After the death of drummer Dinerral Shavers in 2006, Hot 8 walked under the banner “Violent Systems Create Violent People” in the subsequent protest march to City Hall. Having experienced the devastating effects of city violence first-hand, what do you think needs to happen before the “violent system” can be truly corrected? 
I believe we as a people will have to address these issues in our own home and our own communities and then be able to get together as a people and appoint the right people in leadership to implicate the system that we would like to see in our communities. 

"Positive facilitation and inspiration can cause a reaction that can play an essential role in conquering these type of conflicts in our communities all over the world."

In 2004 your friend and fellow bandmate Joseph "Shotgun Joe" Williams was shot by police despite eyewitnesses claiming that he was unarmed and not resisting arrest; such a tale has become heartbreakingly common in the US, and it seems that being young and black in many of America’s inner city areas has become dangerous in itself. Is it possible or desirable for groups like the Hot 8 Brass Band to distance themselves from this kind of political context, or is it part of their responsibility to challenge the institutional racism that seems so prevalent in America at the moment?  
I believe whenever you have the resources to reach a large number of people, or have the ability to highly inspire a large number of people you should use that platform to do just that. Especially when it's a lot of negativity and people are losing their lives to a high volume of violence, not only in New Orleans but in America, period. So yes, I feel it's a responsibility.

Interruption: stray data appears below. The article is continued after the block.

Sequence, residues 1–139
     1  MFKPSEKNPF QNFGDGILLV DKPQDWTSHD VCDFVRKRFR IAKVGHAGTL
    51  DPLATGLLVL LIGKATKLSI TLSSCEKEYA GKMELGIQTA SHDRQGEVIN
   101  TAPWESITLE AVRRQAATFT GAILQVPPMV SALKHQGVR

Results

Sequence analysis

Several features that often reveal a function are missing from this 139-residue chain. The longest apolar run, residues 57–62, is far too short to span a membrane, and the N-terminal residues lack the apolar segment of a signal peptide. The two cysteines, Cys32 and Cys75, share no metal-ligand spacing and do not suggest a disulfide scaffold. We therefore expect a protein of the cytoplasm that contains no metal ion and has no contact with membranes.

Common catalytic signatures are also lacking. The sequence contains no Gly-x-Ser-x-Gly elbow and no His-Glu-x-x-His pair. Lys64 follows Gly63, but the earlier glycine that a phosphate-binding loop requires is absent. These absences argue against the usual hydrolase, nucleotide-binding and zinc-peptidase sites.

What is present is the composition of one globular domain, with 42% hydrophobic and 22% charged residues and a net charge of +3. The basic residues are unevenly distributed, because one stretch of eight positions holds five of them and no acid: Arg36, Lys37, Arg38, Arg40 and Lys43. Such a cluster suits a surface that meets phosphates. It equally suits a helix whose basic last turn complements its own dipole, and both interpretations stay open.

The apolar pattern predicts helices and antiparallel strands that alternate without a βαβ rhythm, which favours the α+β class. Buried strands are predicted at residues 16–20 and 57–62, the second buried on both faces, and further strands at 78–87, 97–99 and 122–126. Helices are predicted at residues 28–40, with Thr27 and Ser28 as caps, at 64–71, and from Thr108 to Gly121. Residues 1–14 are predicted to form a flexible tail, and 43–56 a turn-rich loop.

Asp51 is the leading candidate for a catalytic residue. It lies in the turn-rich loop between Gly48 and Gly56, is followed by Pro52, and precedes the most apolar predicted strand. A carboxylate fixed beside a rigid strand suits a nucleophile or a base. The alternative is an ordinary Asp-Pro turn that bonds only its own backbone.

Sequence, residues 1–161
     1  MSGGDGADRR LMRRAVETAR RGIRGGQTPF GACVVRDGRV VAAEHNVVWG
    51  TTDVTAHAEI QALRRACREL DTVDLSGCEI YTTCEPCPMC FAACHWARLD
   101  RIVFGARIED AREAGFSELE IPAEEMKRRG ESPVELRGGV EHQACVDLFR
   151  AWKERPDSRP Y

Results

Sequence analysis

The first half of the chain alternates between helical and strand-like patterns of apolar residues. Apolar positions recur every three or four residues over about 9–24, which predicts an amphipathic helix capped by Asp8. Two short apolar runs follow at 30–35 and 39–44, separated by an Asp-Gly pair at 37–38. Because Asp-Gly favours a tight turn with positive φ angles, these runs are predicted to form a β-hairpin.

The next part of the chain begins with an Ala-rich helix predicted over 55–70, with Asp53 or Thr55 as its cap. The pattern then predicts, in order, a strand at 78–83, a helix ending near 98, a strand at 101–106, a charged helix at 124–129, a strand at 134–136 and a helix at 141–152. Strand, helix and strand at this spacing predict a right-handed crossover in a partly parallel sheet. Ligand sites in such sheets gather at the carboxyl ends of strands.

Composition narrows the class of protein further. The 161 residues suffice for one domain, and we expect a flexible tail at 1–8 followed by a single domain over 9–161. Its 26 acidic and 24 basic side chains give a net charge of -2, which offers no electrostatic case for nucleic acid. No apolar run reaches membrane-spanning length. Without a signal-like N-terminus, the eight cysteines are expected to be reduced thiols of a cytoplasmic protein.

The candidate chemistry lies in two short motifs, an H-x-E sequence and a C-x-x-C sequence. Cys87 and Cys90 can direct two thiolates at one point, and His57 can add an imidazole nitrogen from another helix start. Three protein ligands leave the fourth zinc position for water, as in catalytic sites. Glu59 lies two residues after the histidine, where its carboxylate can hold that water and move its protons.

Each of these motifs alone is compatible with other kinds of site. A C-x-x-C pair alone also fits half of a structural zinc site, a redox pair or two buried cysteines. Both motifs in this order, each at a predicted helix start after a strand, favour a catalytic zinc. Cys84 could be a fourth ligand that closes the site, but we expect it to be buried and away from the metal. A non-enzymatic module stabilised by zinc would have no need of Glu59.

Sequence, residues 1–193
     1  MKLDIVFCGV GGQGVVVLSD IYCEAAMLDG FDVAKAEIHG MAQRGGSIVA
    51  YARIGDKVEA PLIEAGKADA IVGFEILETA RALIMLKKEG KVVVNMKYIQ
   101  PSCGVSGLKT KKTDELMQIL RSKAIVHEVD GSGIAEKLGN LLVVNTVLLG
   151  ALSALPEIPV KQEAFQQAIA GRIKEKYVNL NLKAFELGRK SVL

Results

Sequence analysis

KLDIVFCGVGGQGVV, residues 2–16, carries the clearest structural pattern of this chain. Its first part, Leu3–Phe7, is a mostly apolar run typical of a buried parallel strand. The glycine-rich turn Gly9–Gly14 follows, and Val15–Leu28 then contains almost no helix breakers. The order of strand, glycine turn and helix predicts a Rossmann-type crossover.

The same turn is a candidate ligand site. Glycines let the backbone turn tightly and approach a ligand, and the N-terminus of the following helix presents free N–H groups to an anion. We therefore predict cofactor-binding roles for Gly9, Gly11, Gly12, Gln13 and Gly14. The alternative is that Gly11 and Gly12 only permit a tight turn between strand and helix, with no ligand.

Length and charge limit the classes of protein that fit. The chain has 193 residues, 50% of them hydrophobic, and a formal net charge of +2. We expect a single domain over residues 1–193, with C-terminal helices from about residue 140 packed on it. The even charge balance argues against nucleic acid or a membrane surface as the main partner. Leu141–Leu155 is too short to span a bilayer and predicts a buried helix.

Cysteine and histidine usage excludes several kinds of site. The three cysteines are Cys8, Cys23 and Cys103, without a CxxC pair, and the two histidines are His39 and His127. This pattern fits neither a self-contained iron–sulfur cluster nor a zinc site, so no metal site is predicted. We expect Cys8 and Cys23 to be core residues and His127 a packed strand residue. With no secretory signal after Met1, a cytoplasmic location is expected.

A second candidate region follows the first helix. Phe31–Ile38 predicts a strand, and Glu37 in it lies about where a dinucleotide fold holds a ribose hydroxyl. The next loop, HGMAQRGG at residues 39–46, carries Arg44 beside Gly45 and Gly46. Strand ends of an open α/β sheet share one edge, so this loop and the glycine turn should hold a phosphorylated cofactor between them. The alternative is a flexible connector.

It seems a wonderful tribute to those friends that you have lost along the way that you continue to take such pride in your music and your community, so I thought maybe we could use this last question to ask about some of the new talent coming out of New Orleans. Are there any young bands coming out of the city at the moment who you think we should be keeping an eye on?
I believe New Orleans has always been, and always will be a revolving door for talent. There is some great young talent coming from New Orleans at the moment. As for brass bands, I would say the New Breed Brassband and also the TBC Brassband among a few others, but those two for sure are doing a lot of good things for youth and the Brassbands.

"Whenever you have the resources to reach a large number of people, or have the ability to highly inspire a large number of people you should use that platform to do just that."

Hot 8 Brass Band play Madness Presents House Of Common Monday 29th August at Clapham Common, London.

Interview by Andrew Kemp
Photos courtesy of Hot 8 Brass Band